Racing Through the Dark: The Fall and Rise of David Millar
I’m a huge fan of the Tour de France. But after reading this book, my enjoyment has been mugged by the drug-invested reality of professional road cycling.
David Millar is currently trying to overturn a lifetime Olympic ban. A time trialling phenomenon when he burst onto the scene at the turn of the millenium (he wore the yellow jersey), this is a vivid, pitiless look at how he came to take EPO. Aka, he cheated. Cue shame, a 2 year ban, a French courtroom, am eviction, bankruptcy, redemption, valediction.
It’s excellent on the culture of pro cycling. Which stinks. And it leaves you in little doubt that the chances winning a major Tour ‘clean’ are… well, they’re not as high as one would wish.
In other news, Lance Armstrong was “cleared” by US officials this week, while Alberto Contador saw his 2010 Tour de France victory struck off. The rider who came second in the 2010 Tour says he’s sure Contador didn’t mean to take the performance enhancing drug clenbuterol. Enough said.
This book blows apart the peleton’s ruthless omerta. For that, David Millar deserves our respect.
Bad Blood: The Secret Life of the Tour de France, by Jeremy Whittle
Safe to say this was a classic ‘follow on’ purchase. David Millar’s autobiography opened my eyes to just how prevalent and normalised doping had become in pro cycling. I had to read more; learn about its history, and the science.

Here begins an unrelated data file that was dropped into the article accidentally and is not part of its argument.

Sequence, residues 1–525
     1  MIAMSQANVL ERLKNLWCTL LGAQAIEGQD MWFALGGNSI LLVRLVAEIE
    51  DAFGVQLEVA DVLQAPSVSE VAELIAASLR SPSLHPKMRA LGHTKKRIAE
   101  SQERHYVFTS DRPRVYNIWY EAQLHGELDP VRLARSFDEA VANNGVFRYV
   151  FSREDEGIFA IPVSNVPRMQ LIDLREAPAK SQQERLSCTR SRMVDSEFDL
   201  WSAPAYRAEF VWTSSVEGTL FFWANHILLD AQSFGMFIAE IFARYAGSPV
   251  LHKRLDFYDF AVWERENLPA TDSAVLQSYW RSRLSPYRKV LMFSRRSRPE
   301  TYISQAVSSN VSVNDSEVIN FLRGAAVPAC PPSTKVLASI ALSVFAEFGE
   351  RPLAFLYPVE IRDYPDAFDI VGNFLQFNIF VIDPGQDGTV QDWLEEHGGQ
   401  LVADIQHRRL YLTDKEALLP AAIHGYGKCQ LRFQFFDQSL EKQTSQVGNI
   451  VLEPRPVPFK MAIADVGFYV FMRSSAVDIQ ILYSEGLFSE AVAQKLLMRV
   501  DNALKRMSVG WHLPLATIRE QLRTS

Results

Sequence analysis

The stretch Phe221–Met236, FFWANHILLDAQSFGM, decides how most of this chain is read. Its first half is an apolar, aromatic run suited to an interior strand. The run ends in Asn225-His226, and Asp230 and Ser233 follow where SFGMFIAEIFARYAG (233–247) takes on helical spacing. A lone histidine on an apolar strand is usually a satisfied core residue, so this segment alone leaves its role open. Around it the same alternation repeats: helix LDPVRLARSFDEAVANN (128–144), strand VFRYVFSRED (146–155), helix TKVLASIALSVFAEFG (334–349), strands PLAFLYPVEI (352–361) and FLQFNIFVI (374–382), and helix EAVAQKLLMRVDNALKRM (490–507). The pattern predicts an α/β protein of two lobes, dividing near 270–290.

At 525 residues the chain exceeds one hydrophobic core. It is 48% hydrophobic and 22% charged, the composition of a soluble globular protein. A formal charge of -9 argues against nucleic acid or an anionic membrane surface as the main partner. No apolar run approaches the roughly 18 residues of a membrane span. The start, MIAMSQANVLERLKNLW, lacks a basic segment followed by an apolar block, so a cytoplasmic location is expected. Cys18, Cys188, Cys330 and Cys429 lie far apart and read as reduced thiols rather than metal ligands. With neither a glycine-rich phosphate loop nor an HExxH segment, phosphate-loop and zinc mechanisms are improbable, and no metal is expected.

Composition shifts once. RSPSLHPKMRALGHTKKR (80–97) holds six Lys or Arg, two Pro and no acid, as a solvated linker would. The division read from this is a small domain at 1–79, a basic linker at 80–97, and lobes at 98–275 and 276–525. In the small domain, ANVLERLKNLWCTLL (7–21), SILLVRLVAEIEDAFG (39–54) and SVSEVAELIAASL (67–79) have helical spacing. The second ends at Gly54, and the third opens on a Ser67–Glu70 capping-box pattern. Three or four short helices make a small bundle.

Whittle is an experienced journalist, and has covered the scene for years. He is very close to Millar and ‘helped’ him write his autobiography. Millar betrayed his trust, and Whittle’s “Good guys don’t dope” rose-tinted spectacles are forcibly removed.
It’s not a pretty book, this. The litany of cheating. The complacency of the governing bodies. The cynicism of the teams. And the inevitable corrosion of innocence for anyone new to the ‘sport’, be they cyclists or journalists.
I’d like to think Jeremy Whittle’s love of cycling shines through despite all, but he’s too honest a writer for such a cute conclusion. The love has gone. He admits to fearing he’s been complicit; this book a valedictory despatch.
How I Won the Yellow Jumper: Dispatches from the Tour de France, by Ned Boulting
Ned Boulting is a TV sports reporter, best known for his coverage of the Tour de France for ITV4. And this book tells you exactly what it’s like to cover the Tour de France for ITV4. More’s the pity.
While sometimes painful reading, the previous two books are both liable to be finished in the early hours. The story they tell is too gripping, too appalling to allow sleep to intrude.
This book isn’t like that. It’s dire. Ned and the crew traipse around France, eating well, sharing in-jokes and snatching meaningless interviews in hotel lobbies. It fails to make the making of TV interesting. Mainly, one suspects, because it just isn’t.
Meanwhile, all around him, athletes were corrupting their bodies and souls. Of this, Ned makes little mention.